How To Use Hypochlorous Acid As A Safer Alternative To Bleach
For decades, liquid bleach (or sodium hypochlorite) has been synonymous with sanitizing and disinfecting – but what about using it around kids, pets and those with respiratory conditions like asthma and allergies? Here’s what you need to know about disinfecting with bleach, and how to use hypochlorous acid (HOCl) as an alternative that is safe on surfaces without rinsing, and still effective against bacteria and viruses.
Top 5 Things You Need to Know About Using Hypochlorous Acid As A Safer Alternative To Bleach For Disinfecting
#1. Bleach is a strong chemical that must be handled with care.
Bleach is a registered disinfectant, which means that the Environmental Protection Agency has tested bleach and determined it kills 99.9% of the bacteria and viruses that it claims to within its designated dwell time. Unfortunately, products like bleach are now so commonplace that many people don’t understand the need to carefully follow the safety directions and treat liquid bleach as a potentially hazardous substance. Here are some tips to remember when using bleach:
- Read directions on the label and follow them closely, don’t assume you know. Dilution ratios, dwell times, and storage instructions could be different than you think. And you never want to combine bleach with other cleaning chemicals. An example is ammonia, where if combined with bleach, can cause chloramine gas, which can be deadly.
- Wear gloves when working with bleach and wash your hands afterward.
- Use in a very well ventilated area, as bleach fumes can trigger respiratory reactions. If you have asthma, avoid using it. Studies have linked use of liquid bleach to lung damage, citing that even infrequent use on a weekly basis could increase the risk of developing serious respiratory conditions like COPD.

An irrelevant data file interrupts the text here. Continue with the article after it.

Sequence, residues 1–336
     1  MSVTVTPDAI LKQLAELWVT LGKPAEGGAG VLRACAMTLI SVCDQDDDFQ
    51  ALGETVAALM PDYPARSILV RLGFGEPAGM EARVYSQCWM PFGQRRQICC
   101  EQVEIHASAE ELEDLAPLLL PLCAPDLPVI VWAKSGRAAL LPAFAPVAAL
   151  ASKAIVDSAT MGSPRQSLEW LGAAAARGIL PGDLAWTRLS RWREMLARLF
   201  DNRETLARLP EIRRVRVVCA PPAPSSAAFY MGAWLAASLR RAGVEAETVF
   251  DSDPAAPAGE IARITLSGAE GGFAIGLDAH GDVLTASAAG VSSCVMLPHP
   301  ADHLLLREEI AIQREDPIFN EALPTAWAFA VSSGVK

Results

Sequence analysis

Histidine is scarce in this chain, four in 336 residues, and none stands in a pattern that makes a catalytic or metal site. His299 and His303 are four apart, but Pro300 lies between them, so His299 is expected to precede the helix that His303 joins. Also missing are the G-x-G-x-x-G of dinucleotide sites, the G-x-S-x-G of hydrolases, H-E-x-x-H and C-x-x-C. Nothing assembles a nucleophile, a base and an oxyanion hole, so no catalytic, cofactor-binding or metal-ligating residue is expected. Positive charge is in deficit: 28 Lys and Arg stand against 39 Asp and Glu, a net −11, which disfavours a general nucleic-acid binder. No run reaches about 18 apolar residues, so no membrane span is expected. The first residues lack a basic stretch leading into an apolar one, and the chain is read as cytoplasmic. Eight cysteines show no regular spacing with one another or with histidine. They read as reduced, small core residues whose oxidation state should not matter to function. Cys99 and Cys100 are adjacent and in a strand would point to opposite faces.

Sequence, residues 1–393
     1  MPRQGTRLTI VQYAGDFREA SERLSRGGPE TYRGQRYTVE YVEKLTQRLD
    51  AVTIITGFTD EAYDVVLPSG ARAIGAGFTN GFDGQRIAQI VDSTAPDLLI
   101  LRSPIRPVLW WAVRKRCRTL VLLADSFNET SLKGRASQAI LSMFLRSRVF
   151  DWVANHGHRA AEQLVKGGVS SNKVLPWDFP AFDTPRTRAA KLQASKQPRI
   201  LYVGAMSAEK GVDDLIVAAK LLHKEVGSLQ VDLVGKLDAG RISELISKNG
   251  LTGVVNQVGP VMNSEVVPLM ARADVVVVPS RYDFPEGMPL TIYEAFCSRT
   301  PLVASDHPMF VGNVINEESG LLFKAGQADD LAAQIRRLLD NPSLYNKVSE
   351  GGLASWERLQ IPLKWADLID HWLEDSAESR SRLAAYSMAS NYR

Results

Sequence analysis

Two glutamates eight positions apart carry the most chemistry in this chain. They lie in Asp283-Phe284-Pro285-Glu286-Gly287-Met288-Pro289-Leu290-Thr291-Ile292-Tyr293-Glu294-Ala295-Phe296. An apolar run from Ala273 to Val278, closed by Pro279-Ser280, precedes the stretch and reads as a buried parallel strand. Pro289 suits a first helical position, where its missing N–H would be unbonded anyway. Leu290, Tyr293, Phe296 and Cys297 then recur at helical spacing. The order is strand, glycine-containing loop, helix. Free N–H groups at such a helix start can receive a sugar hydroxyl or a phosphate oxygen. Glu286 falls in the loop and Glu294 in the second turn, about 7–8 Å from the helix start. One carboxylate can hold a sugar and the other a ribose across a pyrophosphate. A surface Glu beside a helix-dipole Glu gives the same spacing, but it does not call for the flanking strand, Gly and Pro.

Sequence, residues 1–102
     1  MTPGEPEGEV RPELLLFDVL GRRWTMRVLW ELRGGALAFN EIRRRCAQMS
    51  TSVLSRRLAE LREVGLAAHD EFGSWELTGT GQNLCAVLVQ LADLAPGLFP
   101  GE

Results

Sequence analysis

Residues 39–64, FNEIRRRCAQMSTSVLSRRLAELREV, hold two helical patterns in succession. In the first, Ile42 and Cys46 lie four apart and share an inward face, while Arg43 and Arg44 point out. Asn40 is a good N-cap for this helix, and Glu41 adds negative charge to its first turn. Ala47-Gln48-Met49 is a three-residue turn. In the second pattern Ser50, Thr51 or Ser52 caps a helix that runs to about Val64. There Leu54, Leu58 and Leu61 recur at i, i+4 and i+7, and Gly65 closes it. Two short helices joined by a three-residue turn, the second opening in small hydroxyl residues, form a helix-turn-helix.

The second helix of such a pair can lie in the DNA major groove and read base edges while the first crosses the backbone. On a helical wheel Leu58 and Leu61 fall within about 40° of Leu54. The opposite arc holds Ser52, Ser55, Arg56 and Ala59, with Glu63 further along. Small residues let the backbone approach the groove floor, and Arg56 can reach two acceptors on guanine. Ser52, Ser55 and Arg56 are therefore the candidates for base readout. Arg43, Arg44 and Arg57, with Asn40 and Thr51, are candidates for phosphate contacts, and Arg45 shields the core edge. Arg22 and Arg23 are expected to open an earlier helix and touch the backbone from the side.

- Bleach can be corrosive and can cause burns to skin and eye tissue as well as corrode surfaces like certain metals or stones, so be extremely careful about splashing and where you store it.
- Contact poison control if you or someone in your household ingests bleach or gets it in their eyes, nose or ears. Household cleaning products can be a major source of poisoning for children, so keep any products containing liquid bleach out of reach of children and pets.
#2. Hypochlorous Acid Disinfects As Well As Sodium Hypochlorite
Hypochlorous acid (HOCl), like liquid bleach, is listed as a disinfectant on EPA List N, the EPA’s list of disinfectants that are approved for use against SARS-CoV-2, the novel coronavirus, the cause of Covid-19. Hypochlorous acid is the active antimicrobial ingredient in several EPA-registered disinfectants & sanitizers because it kills 99.9% of viruses and bacteria.
#3. Hypochlorous Acid is used in all kinds of applications where safety matters
HOCl is used in all kinds of medical applications for the purpose of killing microorganisms and fighting infection and promoting healing, like veterinary medicine, ophthalmology, and even dermatology (right now it’s a superhero in the fight against “maskne!”).
#4. Hypochlorous Acid Is Certified Allergen-Free and Safe on Skin by Mayo Clinic
Hypochlorous acid is certified to be skin-safe and best for sensitive skin by SkinSafe, the Mayo Clinic’s allergy safety rating system. That’s why it’s commonly used in products like wound healing.
#5. Hypochlorous Acid Does Not Need To Be Rinsed
Because it’s gentle on your skin and on surfaces without corroding or causing damage, there is no need to wear gloves or rinse the surface after disinfecting – even eating surfaces! Hypochlorous acid is created by combining the right concentrations of salt, vinegar and water at the right pH. Once electrolyzed, which is when an electrical current is applied to them, these simple household ingredients create hypochlorous acid.
Finding safer alternatives for more products
At Force of Nature, we’re committed to helping families find products that are safer for our planet and our littlest & furriest family members. Whether it’s dental floss, hand sanitizer, baby wipes, sunscreen, or just about anything else, we’ve got tips to help you choose safer products on our blog.